“I Think He's Going to Do It”: California Chrome Readies for Triple Crown

If California Chrome wins the Belmont Stakes, he would be the first to win the coveted and elusive title since Affirmed in 1978. It could also set the stage for a first-ever Triple Crown-winner to run in the Breeder's Cup in the fall.

Three-year-old California Chrome, known for his quirky smiles during bath time and his insistence to only back himself out of trailer vans, is also known in the horse racing circuit as a "freak of nature."

That's how trainer Bob Baffert referred to the Kentucky Derby winner following his next win at Pimlico in the Preakness Stakes. The thrilling races have primed the California colt for a shot at capturing horse-racing's elusive Triple Crown.

Baffert knows a thing or two or three about being a contender for the Triple Crown — he's trained three horses that came close to the sport's prestigious honor. But this time, he says he sees something different in California Chrome.

"There's something about this horse," he said. "I think he's going to do it."

Behind the reigns of California Chrome is 42-year-old jockey Victor Espinoza. The former bus driver in Mexico City has also been close to the Triple Crown before.

He rode Baffert-trained War Emblem in 2002 to win the Kentucky Derby and the Preakness Stakes, only to nearly collapse right out of the gate at Belmont.


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"He had a bad break," Baffert said. "He stumbled leaving the gate so it took him completely out of it."

But this time, it's a whole new horse and a whole new rhythm for Espinoza.

Coming off the Preakness, Espinoza said it was the hardest race he's run in his entire 25-year career.

"The number three... I really didn't like that post at three," he said, referring to Chrome's position at Pimlico Saturday. "For California Chrome, I would've liked better to be on the outside, but when I saw the three and all the speed that was outside of me, it was very tough."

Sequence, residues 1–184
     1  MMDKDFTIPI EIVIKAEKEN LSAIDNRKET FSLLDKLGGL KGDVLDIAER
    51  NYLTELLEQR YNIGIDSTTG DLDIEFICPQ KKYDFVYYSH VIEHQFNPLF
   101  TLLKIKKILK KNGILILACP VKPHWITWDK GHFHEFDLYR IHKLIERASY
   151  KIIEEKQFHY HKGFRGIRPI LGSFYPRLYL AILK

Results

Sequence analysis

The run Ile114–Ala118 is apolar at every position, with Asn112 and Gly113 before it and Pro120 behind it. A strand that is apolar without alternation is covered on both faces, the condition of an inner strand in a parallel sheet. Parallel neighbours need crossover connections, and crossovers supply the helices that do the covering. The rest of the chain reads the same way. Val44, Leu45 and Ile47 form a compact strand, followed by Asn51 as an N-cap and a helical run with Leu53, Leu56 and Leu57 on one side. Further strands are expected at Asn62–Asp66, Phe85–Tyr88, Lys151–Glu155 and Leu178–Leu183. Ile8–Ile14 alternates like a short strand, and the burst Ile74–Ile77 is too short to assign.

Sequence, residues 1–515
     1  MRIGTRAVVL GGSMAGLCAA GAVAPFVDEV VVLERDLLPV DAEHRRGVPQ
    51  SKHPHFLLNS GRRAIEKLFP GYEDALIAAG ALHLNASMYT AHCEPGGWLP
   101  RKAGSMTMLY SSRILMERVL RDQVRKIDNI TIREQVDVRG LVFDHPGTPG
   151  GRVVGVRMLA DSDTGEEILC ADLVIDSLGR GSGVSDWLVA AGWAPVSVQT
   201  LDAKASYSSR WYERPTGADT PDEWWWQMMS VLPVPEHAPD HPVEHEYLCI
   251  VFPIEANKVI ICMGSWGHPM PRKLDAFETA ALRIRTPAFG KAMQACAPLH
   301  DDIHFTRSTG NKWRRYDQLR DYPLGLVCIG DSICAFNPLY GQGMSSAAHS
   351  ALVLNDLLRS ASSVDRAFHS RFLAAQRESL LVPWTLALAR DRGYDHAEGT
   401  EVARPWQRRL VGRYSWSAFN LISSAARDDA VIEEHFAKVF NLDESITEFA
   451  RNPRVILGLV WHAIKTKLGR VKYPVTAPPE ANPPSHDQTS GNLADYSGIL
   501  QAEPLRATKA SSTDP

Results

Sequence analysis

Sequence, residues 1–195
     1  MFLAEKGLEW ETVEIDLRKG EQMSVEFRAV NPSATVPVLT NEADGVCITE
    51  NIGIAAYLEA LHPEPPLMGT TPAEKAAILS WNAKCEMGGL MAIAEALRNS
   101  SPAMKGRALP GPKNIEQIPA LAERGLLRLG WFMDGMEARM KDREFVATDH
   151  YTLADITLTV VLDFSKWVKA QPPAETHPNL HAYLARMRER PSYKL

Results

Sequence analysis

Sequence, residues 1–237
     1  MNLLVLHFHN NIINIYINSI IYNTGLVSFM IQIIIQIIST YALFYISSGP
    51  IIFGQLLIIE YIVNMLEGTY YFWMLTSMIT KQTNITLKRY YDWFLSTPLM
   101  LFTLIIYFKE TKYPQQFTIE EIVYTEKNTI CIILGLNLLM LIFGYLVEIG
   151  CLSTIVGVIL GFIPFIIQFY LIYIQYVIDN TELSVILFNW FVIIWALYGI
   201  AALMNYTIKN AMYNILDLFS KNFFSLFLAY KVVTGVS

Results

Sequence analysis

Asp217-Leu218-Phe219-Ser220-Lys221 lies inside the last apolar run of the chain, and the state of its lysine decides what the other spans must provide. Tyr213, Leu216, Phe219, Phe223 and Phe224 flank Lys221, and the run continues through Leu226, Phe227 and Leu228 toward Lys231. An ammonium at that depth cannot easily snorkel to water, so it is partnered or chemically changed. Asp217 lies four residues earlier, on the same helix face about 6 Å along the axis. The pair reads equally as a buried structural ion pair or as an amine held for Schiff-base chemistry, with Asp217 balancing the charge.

Espinoza is credited with controlling the horse into a weaving route to get to the outside.

"I didn't want to burn him early, but I also wanted to let him run when it was time to go," he said, adding that the mental stress far outweighed his physical stress.

"I was just waiting for that moment to just turn the reins loose and let it go," Espinoza said. "I have confidence in California Chrome. When I turn him loose, he drops to the ground and he opens up."

And California Chrome did just that, winning the Preakness Saturday and setting the stage for a historic run in three weeks in New York.

"Soon as I get on California Chrome, I drop the reins," Espinoza said. "He's smart, he likes to play with the pony and I let him do whatever he wants. As long as he don't drop me, it's fine with me!"

Espinoza said the connection he has with California Chrome is a strong one, the horse appearing to be playful prior to reaching the starting gates, where Espinoza said he reminds him who's in charge.

"As we walk to the gate, I let him know who's in control. I tell him, 'It's time to go, time to perform, time to work,' and 'Hi, I'm the boss.'"

The Belmont Stakes is set for June 7 in New York. If California Chrome wins, he would be the first to win the coveted and elusive title since Affirmed in 1978. It could also set the stage for a first-ever Triple Crown-winner to run in the Breeder's Cup set to take place at Santa Anita Park in the fall.

"I hope he can do it," Espinoza said. "If he can do it and he's ready, I'm ready for it."

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